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Our View: Father White should be praised, not silenced

MARTINSVILLE (VA)
Martinsville Bulletin

February 4, 2020

The First Amendment, the mission statement of our democracy, holds self-evident two primary rights for each of us: to say freely what we think and to practice the religion we prefer without interference from the government. Oppression against those tenets is why a group fled England on boats and why their (and our) ancestors made those protections the first in our Constitution.

So it is with ultimate irony that a proceeding today in Richmond could determine if a free religion can limit free speech – even to the point of firing and keeping quiet an employee for doing the job he is supposed to be doing, which is comforting the afflicted.

Maybe what Father Mark White really has been doing is inflicting the comfortable of the Catholic Church, because we find the steps the church has taken to censor his comments and threaten his calling to be both repugnant and ridiculous.

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But among those were the eyeballs of his superior – Barry Knestout, the bishop in Richmond — and quite possibly others from the Vatican. Because someone decided Father White needed to keep his fingers still and his mouth shut when it came to the church’s practices. We suspect those orders were handed down from above the bishop’s pay grade.

Now Father White did not hesitate in his writings to be frank about what he saw as his church’s failings. He was enflamed by the fact that one of the guilty was Cardinal Theodore Edgar McCarrick, the man who had ordained him as a minster. Father White told Bill Wyatt of the Bulletin that he began to recognize how McCarrick had conducted himself, that he now sees how McCarrick might have signaled his interest in the men who said he had abused them.

Fueled by righteous anger and his oath to protect the innocent from the abuse of anyone in any way, Father White challenged the way his church was protecting the perpetrating priests more aggressively than they were those injured innocents.

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Priest pulls lawsuit against Ft Worth’s Bishop Olson, but allegations remain dizzying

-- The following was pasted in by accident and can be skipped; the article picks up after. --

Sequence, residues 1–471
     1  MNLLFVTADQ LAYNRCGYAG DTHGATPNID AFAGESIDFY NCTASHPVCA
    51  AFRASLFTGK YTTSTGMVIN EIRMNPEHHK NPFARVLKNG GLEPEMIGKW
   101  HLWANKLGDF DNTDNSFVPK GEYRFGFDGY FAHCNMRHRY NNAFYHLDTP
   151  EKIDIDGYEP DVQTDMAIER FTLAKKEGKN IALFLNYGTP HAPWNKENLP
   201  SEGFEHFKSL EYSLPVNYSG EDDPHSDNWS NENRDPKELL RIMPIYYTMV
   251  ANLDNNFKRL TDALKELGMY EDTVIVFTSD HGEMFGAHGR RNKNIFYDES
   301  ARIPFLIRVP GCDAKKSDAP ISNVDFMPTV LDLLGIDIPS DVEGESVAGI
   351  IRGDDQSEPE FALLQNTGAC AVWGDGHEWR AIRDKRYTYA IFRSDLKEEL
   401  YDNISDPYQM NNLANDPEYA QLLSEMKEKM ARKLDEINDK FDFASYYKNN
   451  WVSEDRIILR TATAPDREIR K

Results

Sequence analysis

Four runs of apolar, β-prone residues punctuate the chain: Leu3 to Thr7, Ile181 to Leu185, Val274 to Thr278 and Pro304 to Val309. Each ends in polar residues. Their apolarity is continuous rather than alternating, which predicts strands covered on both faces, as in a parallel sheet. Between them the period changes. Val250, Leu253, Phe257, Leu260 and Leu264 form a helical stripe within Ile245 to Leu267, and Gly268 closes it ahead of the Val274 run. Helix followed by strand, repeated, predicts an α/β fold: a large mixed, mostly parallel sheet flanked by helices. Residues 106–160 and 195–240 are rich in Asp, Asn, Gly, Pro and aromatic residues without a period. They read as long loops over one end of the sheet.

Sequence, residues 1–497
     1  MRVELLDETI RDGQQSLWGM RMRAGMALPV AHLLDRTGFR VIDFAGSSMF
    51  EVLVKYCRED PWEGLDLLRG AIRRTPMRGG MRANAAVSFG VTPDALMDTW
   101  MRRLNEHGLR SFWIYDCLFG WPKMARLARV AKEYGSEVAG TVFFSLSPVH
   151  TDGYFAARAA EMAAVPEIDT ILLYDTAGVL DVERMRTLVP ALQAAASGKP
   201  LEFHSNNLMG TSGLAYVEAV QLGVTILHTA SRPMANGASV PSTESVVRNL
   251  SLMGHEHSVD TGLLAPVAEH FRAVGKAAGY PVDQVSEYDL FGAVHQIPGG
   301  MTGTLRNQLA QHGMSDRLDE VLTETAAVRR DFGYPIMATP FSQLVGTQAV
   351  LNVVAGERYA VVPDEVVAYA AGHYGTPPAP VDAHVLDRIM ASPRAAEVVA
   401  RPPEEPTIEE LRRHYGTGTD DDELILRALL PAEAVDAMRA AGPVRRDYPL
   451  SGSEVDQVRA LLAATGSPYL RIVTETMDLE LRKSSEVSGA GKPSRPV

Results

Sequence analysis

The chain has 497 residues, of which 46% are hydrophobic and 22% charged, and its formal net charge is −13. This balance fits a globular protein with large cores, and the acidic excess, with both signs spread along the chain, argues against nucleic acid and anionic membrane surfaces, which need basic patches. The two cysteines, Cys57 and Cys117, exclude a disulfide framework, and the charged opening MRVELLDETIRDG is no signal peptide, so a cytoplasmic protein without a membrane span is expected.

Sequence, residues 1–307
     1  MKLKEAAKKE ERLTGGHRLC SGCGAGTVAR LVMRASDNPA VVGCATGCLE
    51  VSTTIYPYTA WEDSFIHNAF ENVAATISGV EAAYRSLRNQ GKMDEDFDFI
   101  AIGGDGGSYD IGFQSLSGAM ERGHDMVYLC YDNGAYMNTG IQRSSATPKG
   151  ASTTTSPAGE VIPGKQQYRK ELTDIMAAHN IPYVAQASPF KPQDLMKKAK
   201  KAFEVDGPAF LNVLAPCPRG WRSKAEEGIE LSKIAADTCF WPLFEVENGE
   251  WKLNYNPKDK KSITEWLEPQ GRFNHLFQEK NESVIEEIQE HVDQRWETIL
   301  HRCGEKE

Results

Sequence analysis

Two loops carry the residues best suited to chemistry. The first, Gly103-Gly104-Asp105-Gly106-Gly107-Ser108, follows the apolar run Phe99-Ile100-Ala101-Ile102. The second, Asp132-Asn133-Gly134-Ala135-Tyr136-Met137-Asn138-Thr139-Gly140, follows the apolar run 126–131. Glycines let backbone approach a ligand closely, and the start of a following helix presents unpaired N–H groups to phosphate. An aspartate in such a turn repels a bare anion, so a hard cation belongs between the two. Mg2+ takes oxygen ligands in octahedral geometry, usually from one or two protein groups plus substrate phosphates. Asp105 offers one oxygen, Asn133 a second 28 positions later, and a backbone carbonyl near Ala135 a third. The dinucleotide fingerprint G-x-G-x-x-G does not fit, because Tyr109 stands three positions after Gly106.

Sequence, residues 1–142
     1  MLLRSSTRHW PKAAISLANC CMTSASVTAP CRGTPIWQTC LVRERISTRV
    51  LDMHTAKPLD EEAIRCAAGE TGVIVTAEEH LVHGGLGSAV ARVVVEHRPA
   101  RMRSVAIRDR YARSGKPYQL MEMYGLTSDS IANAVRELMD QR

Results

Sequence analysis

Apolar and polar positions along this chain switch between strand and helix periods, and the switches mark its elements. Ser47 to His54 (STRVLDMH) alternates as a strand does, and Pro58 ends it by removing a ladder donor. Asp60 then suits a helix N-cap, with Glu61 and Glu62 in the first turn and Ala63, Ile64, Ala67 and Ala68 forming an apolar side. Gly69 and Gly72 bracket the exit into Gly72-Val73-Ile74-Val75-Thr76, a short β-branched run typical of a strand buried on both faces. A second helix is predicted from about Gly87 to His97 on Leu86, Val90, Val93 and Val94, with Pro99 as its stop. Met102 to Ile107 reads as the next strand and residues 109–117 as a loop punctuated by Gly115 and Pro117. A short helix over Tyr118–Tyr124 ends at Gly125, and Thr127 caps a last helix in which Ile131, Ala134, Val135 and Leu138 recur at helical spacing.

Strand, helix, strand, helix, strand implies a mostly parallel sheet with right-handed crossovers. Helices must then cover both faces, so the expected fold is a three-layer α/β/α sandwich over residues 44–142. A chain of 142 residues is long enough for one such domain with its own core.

DENVER (CO)
Catholic News Agency

February 3, 2020

By Jonah McKeown

Fort Worth TX – A Fort Worth diocesan priest who resigned his post and later attempted to rescind his resignation has dropped a lawsuit against Bishop Michael Olson and the Diocese of Fort Worth— a lawsuit which alleged that the bishop had defamed him by implying he is a threat to children.

In June 2018, Olson asked Father Richard Kirkham, former pastor of St. Martin de Porres parish in Prosper, Texas, to resign his pastorate, because the priest did not report to authorities what appeared to the bishop to be a case of a priest abusing a vulnerable adult.

Last week, Kirkham dropped the lawsuit he had filed in June 2019. In that lawsuit, Kirkham and his attorney had argued that the bishop had, in interviews with the Star-Telegram, implied that Kirkham’s removal was because he posed a danger to minors and the vulnerable.

According to Kirkham’s attorney, John Walsh, the lawsuit was dropped because Olson eventually clarified that Kirkham’s resignation did not result from any failure to report the sexual abuse of child, and there are not any allegations that Father Kirkham has sexually abused a child.

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How is the Catholic Church spending “Peter’s Pence?” A R.I. parishioner sues to find out

BOSTON (MA)
Boston Globe

February 3, 2020

By Amanda Milkovits Globe Staff,Updated February 3, 2020, 6:01 a.m.

Providence RI – A parishioner in East Providence has filed a federal class action lawsuit against the U.S. Conference of Catholic Bishops, after media reports that as little as 10 percent of collections go to charity.

Every year, the Conference of Catholic Bishops solicits for donations from parishioners at Catholic churches around the country for the “Peter’s Pence Collection.” The fund is advertised as a collection to help victims of war, natural disasters and disease throughout the world.

David O’Connell says in his lawsuit that he donated to Peter’s Pence at Sacred Heart Church in 2018 because he thought the money was going to the needy.

Then, last month, the Wall Street Journal and other media in Italy reported that millions of dollars were actually going to “plug holes in the Vatican’s administrative budget” — along with investments in other unusual projects.

“Hundreds of millions of dollars over the last several years has been diverted into various suspicious investment funds, which in turn have funneled the money into such diverse ventures as luxury condominium developments and Hollywood movies, while paying fund managers hefty, multi-million dollar commissions,” Providence lawyer Peter N. Wasylyk and Marc R. Stanley of the Stanley Law Group in Dallas, Texas, wrote in the lawsuit filed Jan. 22 at U.S. District Court.